Often romanticized, the ideal American landscape of the 19th century conjured images of pristine woodlands and running streams filled with leaping fish and smooth river stones. You will find that today at Roaring River Missouri State Park near the Arkansas state line. Roaring River is a premier trout fishery in the nation, towering hills protecting a deep spring is an ideal setting by anyone’s standards.
In the 1930’s the Civilian Conservation Corps (CCC) and the Works Progress Administration (WPA) program workers built lodges, bridges, camps, and trails at Roaring River State Park which are still in use today. These programs not only gave people work but set the foundation for America’s appreciation of the outdoors and created a greater awareness for the need to protect our nation’s natural resources.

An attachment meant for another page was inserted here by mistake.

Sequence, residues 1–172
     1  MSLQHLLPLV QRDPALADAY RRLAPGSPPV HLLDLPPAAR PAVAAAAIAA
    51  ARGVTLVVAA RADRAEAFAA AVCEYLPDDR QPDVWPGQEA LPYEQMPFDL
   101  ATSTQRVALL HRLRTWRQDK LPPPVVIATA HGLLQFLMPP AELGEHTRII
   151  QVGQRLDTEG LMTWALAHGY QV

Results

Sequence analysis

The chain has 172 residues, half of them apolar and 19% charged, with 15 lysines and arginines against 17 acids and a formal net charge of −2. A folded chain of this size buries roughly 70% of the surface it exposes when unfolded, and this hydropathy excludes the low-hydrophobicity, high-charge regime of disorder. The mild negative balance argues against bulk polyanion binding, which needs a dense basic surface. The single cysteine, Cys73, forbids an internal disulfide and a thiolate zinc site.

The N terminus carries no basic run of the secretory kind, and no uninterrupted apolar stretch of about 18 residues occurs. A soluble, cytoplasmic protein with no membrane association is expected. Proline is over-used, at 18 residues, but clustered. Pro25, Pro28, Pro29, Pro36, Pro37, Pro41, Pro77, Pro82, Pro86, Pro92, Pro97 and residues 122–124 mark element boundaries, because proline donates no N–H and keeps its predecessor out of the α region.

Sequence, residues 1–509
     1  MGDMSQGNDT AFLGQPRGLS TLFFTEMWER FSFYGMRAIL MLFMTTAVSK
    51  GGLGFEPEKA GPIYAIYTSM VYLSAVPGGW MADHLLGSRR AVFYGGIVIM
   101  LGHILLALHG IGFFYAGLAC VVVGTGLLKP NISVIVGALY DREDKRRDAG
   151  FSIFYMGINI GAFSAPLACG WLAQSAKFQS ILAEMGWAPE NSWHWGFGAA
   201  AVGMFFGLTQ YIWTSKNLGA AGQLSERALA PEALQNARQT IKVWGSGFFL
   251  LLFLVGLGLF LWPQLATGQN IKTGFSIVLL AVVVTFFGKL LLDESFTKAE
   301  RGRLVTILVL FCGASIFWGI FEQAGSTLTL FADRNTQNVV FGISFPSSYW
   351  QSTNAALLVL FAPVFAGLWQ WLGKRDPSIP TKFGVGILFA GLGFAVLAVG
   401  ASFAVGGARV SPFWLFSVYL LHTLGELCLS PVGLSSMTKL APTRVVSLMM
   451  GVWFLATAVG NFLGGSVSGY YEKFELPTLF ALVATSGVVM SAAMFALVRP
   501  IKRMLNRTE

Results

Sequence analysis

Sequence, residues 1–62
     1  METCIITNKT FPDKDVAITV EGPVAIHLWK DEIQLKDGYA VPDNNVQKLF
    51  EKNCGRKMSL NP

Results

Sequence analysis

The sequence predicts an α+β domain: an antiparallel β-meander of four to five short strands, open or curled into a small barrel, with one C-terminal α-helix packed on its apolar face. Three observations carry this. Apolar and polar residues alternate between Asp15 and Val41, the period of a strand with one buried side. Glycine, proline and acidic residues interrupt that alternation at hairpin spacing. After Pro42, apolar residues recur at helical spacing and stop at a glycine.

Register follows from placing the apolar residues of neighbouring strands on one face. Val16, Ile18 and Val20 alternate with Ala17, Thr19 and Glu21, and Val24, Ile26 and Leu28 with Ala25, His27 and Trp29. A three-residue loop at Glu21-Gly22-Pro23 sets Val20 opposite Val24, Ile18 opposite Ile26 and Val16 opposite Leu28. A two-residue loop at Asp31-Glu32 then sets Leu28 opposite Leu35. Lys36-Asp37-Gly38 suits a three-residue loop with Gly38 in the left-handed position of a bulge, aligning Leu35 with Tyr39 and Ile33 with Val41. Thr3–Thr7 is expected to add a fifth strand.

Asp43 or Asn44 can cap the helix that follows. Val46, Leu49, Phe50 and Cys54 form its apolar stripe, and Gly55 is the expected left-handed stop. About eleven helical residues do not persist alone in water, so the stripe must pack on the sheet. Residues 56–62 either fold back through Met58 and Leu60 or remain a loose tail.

Roaring River State Park offers fishing, picnicking, hiking, and more. Learn more about Roaring River State Park.
On your return to Eureka Springs, see a WPA era diving platform, hand-cut native limestone dam, bridge and other WPA structures at Lake Leatherwood. Visit the oldest earthen and hand-cut stone dam (1894) in the Ozarks at Black Bass Lake. Lake Leatherwood and Black Bass Lake are both Eureka Springs parks and listed on the National Register of Historic Places. Informational kiosks provide history and detailed trail information.